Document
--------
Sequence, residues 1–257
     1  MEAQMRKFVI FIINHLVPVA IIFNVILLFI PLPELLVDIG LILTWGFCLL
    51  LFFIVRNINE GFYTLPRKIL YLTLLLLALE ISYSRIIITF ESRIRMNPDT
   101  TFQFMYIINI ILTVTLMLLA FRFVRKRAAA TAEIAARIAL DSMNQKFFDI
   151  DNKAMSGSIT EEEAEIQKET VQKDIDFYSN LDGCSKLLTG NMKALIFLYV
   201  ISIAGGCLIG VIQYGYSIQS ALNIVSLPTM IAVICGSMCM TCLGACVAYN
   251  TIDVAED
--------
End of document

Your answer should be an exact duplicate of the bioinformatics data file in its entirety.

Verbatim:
Sequence, residues 1–257
     1  MEAQMRKFVI FIINHLVPVA IIFNVILLFI PLPELLVDIG LILTWGFCLL
    51  LFFIVRNINE GFYTLPRKIL YLTLLLLALE ISYSRIIITF ESRIRMNPDT
   101  TFQFMYIINI ILTVTLMLLA FRFVRKRAAA TAEIAARIAL DSMNQKFFDI
   151  DNKAMSGSIT EEEAEIQKET VQKDIDFYSN LDGCSKLLTG NMKALIFLYV
   201  ISIAGGCLIG VIQYGYSIQS ALNIVSLPTM IAVICGSMCM TCLGACVAYN
   251  TIDVAED